Amanda Hammond poses with her abstract piece she calls "Perfume of Love.“ She described the piece's basis as "the feeling of intoxication and the fiery feeling you get when experiencing first love.” (Olivia Clark/WUFT News) 

Three self-taught artists organized the first annual art show in Alachua

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ALACHUA, Fla. – This north central Florida city of about 11,000 stepped up earlier this week to make its debut in the art world.

Hosted on Sunday in the Alachua Woman’s Club on Main Street, residents were treated to a combination of holiday decorations and art at the city’s first such event. It was all made possible by the passion and financial resources of three local talents: Christopher Dobbs, Amanda Hammond and Alpatrick McCleary.

“This is what it felt like when I was 7 years old waiting on Christmas day to roll up,” said Dobbs, just before last weekend’s show. “It’s awesome and it’s driving me nuts. I’m ready to do it.”

The woman’s club was filled with colorful Christmas decorations and bright lights surrounding the pieces of art. Jazz music and classic Christmas carols played softly in the background.

About 50 people attended the exhibit throughout the day. Altogether, 12 paintings were sold and three commission paintings were requested.

The show featured multiple mediums and styles of art from Hammond, McCleary and Dobbs. The artwork ranged from impressionistic paintings to digital art.

“The art show was a wonderful example of how diverse even small communities can be,” said show attendee, Kellie Dunlap, 55. “Watching folks from all different backgrounds and beliefs come together to delight in the common pleasure of art was refreshing.”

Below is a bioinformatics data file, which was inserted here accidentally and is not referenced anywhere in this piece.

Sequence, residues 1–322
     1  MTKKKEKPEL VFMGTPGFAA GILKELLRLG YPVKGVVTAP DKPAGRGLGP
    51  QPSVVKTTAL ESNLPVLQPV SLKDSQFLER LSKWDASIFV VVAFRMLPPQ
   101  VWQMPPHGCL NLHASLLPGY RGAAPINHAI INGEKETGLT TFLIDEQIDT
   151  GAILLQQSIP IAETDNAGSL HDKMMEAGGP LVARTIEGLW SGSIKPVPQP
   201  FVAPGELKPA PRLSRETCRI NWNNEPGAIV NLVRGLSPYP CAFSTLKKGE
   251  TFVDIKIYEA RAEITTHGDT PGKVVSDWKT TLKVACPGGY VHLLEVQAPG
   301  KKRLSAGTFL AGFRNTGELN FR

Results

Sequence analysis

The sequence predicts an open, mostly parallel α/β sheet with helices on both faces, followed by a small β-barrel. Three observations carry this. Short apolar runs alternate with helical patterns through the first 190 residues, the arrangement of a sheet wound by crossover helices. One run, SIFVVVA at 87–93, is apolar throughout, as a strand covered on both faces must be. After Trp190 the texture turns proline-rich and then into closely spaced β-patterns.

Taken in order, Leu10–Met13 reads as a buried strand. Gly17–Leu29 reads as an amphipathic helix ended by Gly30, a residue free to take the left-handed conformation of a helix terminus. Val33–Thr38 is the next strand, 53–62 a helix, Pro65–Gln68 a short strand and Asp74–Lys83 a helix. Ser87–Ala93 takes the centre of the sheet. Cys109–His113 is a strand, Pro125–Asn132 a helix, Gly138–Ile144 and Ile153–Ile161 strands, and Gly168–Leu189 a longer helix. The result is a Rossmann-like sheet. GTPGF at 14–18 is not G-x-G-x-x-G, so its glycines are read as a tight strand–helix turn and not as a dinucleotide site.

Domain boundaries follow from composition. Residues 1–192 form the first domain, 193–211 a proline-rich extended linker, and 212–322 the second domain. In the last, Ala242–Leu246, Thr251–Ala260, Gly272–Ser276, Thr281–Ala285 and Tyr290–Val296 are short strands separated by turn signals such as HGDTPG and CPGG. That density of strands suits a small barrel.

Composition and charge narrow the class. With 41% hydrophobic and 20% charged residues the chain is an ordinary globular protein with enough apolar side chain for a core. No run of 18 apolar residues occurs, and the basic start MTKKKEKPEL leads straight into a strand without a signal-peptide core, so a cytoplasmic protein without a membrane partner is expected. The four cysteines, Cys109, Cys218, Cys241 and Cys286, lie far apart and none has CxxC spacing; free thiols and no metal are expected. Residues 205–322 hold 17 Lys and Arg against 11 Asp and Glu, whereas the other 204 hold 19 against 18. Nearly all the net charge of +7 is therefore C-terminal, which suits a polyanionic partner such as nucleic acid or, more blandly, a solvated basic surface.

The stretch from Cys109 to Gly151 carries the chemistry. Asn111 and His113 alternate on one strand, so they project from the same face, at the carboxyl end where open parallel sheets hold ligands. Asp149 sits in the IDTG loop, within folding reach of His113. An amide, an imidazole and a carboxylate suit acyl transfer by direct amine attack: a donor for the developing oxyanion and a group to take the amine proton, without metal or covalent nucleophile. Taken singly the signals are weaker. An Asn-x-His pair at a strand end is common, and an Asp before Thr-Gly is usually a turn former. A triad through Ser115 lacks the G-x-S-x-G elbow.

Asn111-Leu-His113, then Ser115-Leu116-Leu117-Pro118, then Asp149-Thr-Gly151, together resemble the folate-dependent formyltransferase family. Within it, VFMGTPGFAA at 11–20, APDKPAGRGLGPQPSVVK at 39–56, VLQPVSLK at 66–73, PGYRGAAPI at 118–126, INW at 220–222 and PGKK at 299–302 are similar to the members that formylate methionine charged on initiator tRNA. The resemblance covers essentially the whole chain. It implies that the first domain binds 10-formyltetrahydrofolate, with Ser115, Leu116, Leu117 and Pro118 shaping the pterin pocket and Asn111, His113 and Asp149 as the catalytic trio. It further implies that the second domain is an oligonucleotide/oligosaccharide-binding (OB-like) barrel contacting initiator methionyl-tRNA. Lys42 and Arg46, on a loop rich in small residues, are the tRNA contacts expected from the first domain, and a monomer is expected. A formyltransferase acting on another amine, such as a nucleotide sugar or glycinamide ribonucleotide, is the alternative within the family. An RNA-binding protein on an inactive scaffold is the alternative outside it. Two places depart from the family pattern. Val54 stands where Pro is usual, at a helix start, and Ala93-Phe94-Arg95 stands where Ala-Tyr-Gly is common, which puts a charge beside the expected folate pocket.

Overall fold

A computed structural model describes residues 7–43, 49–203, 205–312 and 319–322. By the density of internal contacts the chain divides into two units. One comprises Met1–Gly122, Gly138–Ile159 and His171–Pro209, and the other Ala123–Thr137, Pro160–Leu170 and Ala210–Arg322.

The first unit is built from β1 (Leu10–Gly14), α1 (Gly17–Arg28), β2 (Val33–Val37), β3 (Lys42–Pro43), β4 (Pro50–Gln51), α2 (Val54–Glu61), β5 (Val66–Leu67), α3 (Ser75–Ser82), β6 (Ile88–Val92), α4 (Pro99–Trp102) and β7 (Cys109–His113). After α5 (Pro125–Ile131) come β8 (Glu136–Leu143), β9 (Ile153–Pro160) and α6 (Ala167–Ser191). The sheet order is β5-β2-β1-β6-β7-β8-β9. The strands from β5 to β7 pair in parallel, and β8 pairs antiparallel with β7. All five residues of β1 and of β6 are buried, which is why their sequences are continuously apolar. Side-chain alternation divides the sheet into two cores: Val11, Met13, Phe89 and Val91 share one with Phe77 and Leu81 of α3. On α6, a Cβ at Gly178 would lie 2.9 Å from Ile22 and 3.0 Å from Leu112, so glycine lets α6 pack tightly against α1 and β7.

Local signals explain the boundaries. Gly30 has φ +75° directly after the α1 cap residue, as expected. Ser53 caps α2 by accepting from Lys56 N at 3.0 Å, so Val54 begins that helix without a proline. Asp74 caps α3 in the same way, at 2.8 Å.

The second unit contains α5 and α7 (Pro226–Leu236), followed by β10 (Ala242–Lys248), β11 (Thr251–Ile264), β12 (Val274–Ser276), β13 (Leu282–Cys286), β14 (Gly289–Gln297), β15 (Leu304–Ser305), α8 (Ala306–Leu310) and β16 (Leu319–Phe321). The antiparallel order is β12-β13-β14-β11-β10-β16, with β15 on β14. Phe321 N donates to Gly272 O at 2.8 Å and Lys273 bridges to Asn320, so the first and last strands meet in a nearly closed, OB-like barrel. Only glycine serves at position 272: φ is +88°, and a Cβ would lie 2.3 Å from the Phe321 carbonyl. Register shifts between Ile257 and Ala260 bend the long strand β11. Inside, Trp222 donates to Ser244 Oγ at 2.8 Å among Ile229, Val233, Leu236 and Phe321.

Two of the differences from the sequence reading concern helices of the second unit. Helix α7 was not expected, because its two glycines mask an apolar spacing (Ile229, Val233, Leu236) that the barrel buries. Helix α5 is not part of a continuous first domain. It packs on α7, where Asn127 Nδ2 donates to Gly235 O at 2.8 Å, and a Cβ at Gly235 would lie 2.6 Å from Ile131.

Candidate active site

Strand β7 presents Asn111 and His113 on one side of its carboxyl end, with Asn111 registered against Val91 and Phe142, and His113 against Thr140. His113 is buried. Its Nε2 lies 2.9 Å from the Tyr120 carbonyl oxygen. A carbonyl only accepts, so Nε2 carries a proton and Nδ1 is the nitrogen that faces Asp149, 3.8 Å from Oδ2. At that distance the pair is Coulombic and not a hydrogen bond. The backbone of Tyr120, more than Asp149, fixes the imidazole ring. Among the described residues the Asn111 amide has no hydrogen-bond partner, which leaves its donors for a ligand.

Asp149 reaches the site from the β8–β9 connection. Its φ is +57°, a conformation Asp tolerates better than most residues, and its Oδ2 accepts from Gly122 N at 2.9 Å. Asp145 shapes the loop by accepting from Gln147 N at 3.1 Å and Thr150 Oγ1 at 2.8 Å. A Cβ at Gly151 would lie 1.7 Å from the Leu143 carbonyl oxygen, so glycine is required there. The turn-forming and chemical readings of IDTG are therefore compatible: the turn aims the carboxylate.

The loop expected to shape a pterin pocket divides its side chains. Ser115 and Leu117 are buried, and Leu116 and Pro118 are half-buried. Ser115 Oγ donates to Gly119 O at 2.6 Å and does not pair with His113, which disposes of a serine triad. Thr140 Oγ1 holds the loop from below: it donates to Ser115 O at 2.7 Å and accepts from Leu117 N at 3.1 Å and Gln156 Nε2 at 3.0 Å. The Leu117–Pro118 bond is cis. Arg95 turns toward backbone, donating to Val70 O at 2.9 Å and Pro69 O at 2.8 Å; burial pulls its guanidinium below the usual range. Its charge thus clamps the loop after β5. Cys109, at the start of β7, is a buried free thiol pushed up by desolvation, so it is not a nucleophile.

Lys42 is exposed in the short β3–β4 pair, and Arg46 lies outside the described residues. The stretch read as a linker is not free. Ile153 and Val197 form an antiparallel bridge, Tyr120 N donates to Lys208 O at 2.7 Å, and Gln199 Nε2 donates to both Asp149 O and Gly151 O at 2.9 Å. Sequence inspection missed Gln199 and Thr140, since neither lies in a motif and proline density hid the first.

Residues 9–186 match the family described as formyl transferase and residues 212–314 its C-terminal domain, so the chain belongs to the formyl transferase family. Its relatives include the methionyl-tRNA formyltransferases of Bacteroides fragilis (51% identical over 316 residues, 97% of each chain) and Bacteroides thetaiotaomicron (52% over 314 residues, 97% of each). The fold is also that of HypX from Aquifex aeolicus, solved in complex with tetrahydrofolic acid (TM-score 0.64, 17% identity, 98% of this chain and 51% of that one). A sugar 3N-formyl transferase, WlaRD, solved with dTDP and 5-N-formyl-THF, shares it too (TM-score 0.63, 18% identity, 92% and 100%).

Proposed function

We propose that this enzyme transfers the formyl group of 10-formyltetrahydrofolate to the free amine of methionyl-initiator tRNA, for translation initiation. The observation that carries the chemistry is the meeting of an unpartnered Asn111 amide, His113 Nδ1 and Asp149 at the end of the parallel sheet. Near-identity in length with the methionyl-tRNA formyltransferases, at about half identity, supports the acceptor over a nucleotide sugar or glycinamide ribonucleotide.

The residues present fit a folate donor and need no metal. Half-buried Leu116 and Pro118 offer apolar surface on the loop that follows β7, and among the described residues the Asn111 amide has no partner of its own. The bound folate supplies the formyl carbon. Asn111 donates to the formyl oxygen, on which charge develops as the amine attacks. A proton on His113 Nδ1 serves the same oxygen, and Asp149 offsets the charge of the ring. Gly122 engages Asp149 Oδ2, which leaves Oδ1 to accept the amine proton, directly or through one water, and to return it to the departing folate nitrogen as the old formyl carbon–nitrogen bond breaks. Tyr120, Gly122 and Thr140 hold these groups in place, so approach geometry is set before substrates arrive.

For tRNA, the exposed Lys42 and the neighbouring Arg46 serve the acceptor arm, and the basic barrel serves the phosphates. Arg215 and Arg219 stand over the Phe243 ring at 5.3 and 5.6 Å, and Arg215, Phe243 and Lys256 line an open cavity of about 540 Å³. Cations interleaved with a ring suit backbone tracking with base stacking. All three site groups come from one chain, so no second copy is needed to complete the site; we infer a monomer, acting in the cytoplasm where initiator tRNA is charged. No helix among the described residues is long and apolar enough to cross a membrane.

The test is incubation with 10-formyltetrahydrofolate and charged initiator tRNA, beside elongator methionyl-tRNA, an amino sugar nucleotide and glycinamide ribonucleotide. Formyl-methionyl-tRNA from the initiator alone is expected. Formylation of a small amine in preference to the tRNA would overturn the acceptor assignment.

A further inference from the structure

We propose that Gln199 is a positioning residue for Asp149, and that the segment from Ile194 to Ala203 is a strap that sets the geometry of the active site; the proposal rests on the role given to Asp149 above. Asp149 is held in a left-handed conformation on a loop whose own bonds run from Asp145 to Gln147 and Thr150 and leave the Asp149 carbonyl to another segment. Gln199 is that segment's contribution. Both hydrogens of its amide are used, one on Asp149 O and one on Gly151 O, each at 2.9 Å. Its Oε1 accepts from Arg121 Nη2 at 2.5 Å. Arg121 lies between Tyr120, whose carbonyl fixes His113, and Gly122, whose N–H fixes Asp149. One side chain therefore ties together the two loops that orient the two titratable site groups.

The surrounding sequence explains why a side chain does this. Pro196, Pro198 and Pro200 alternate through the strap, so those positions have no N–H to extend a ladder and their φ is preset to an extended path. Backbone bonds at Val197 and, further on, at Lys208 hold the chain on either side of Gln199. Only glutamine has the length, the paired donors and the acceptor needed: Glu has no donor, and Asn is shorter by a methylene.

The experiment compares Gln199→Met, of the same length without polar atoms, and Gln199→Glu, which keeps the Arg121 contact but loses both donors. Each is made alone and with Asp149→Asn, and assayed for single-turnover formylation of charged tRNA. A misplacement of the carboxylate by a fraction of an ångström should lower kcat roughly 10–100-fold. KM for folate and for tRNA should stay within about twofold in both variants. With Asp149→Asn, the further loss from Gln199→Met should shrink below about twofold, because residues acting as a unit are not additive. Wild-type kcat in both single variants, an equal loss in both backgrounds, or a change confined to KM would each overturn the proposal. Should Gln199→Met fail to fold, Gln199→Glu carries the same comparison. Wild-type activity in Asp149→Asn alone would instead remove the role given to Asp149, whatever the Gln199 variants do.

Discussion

The exhibit was solely funded by the artists. Each spent about $1,500 which included renting the Women’s Center. They also used their own money to purchase food, drinks and decorations.

The art show was open to everyone at no cost. Attendees enjoyed the art while snacking on appetizers and sipping on wine that was provided by the artists.

“We really just wanted everyone to enjoy some art and have a good time,” Dobbs said.

McCleary, 43, said he is hopeful that next year the show will have a sponsor or two.

In addition, to being an artist, McCleary is a Newberry native who is a father of five and an engineering technician with Gainesville Regional Utilities.

McCleary discovered his passion for art in elementary school by tracing comic book characters. He said his main inspiration was superheroes.

When McCleary first started creating art he primarily used colored pencils. In 2015, the self-taught artist began experimenting with paints. Now, his art includes work made with watercolor paint and other projects where McCleary uses digital art created on his iPad.

In August, he was named ambassador for the arts for the City of Newberry.

Like McCleary, Hammond is also passionate about art. Hammond, 35, has been painting for 15 years and said her art is her way of communicating.

“As someone with Asperger’s, I’m not necessarily able to express my feeling or even interpret why I’m feeling a certain way,” Hammond said. “When I can put something on canvas in physical form, it allows me to process good days and bad days like a normal person would.”

By day, Hammond is the senior international sales and marketing executive for a scuba diving brand, Light Monkey.

She hopes that one day she can become a full-time artist. For the time being, she is pursuing painting as a side gig and hobby.

Dobbs, 47, has been painting hot rod trucks since high school but has recently picked up canvas painting.

“My wife actually went to Walmart and bought a $10 acrylic kit,” Dobbs said. “That’s what I did my first canvas paint job with and ever since then, it’s what I’ve been doing in my spare time.”

Dobbs primarily uses oil paints to create colorful landscapes.

Landscape art depicts natural scenery such as mountains, valleys, trees, rivers and forests.

“I grew up in the woods, so landscape painting is kind of my happy place,” he said.

About Olivia Clark

Olivia is a reporter for WUFT News who can be reached by calling 352-392-6397 or emailing news@wuft.org.

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